We lost Morris, after his long battle with meningioma, on April 17, 2020. We asked Nick King to write an appreciation of our classmate; you can find that immediately below. Since almost everyone has had something to say about Morris, we’ve created a page for all the remembrances we’ve received. Find copies of obituary notices here. There’s also a photo gallery with contributions from the Gray family, college friends, and shots taken during our years at Nobles. Many thanks also to John Axten, Frank Reece, and Clint Smith for their help in assembling our tribute.
Morris Gray – An Appreciation
by Nick King
When I think of Gray, I still see him sitting at the bar at the Dedham Club, holding forth, animated and charming, with his voice booming and his laugh resounding, unfazed by his facial disfigurement from countless neurosurgeries for the “benign” brain tumor that ended up killing him in April.
That same warm and boisterous scenario, with Gray at the very center of attention, could be transposed to every one of the various venues of his life – Nobles, Harvard, the Navy, Boston’s financial district and to Gray’s social circles at large.
For Gray was supremely comfortable and self-assured. He believed in the life he led. And he led a life in full and left a mark on all of us.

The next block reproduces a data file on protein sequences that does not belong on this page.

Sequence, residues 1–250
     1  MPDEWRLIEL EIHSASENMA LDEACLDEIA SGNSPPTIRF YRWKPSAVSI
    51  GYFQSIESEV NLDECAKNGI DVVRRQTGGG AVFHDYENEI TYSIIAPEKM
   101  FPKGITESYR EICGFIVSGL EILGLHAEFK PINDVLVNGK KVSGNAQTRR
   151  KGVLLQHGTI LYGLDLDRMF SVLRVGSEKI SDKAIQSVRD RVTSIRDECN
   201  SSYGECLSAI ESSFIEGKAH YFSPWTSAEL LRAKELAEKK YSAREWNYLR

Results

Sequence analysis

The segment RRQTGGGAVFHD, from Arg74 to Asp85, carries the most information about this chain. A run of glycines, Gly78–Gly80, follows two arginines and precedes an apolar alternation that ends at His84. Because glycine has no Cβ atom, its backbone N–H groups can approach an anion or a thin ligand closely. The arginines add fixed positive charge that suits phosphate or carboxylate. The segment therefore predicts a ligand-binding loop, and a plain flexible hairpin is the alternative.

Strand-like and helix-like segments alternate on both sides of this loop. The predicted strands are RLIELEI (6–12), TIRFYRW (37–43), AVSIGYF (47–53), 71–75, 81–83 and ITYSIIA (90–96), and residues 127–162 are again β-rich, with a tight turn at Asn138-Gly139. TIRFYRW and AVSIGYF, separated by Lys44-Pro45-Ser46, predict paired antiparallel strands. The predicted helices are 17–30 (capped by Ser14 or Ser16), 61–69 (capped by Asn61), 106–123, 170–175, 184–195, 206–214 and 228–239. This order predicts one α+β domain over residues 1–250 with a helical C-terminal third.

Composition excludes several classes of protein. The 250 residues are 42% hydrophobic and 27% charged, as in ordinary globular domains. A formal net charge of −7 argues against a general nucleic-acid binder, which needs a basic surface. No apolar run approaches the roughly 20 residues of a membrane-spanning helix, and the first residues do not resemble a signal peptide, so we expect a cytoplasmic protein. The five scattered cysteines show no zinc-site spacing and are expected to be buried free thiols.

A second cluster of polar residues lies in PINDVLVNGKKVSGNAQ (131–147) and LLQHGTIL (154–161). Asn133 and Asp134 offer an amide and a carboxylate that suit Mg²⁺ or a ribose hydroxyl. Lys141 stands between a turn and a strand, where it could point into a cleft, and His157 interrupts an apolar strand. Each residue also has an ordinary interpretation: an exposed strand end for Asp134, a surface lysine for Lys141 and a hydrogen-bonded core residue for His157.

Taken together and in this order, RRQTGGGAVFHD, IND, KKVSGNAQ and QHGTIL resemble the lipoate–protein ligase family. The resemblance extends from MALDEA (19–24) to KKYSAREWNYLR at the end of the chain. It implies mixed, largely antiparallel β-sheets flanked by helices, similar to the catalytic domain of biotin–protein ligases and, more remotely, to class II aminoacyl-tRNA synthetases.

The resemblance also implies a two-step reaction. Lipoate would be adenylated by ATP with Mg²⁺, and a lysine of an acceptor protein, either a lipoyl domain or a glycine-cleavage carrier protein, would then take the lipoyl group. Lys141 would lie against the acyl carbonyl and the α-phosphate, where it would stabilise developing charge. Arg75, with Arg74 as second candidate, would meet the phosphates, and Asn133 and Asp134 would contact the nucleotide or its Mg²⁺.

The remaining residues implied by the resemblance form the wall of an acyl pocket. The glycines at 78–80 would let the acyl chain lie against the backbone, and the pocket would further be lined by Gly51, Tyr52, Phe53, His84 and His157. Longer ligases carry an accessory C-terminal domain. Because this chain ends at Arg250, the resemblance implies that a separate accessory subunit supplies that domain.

He was, as Reece says, a Boston Brahmin “to the manor born.” The first son of a prestigious Boston family bound in tradition, he hewed to it and he was proud of it. His grandfather went to Nobles, as did Gray’s two brothers; his grandfather, father and two brothers all went to Harvard, as he did; and Gray followed his father into the banking business and to membership in various clubs in and around Boston.
With all this lineage and legacy, class was a prized topic. Axten recalls Gray once debating late into the night with college classmate Townsend Grey about which is the more proper spelling: Gray or Grey. No contest: the As had it.
The Dedham neighborhood where Gray grew up included future Nobles classmates Warren and Watson, who recalls sneaking into the woods with Gray to smoke cigarettes. They sometimes puffed on cigs filched from their parents but also experimented with pine needles rolled in toilet paper. To my knowledge his brush with recreational drugs stopped there, but smoking tobacco didn’t. In the fullness of time Gray developed a fleeting affinity for Lucky Strikes along with a lifelong love of bourbon.
Gray went to Dedham Country Day School where he was in the same class as Waldinger. The house Gray grew up in was adjacent to the DCDS property and became part of the school’s campus upon the death of Gray’s parents, Morris and DeeDee. Later came Nobles and the infamous carpool with Watson, Wiggins, Smith, Warren and Gray. By then Gray was honing the unbridled humor-cum-sarcasm that became his trademark. “Gray was a foible spotter,” Smith remembers. “And man, could he make fun of peoples’ foibles as well as his own.”
At Nobles, Gray exercised his budding business acumen as manager of the hockey team, the Nobleman and the Dramatic Club stage, all earning him the moniker of class Junior Executive. “Whenever something big is going on, Mo is in on it,” the Classbook correctly observed.“ If you want the inside story on anything, don’t call Mo, he’ll call you.”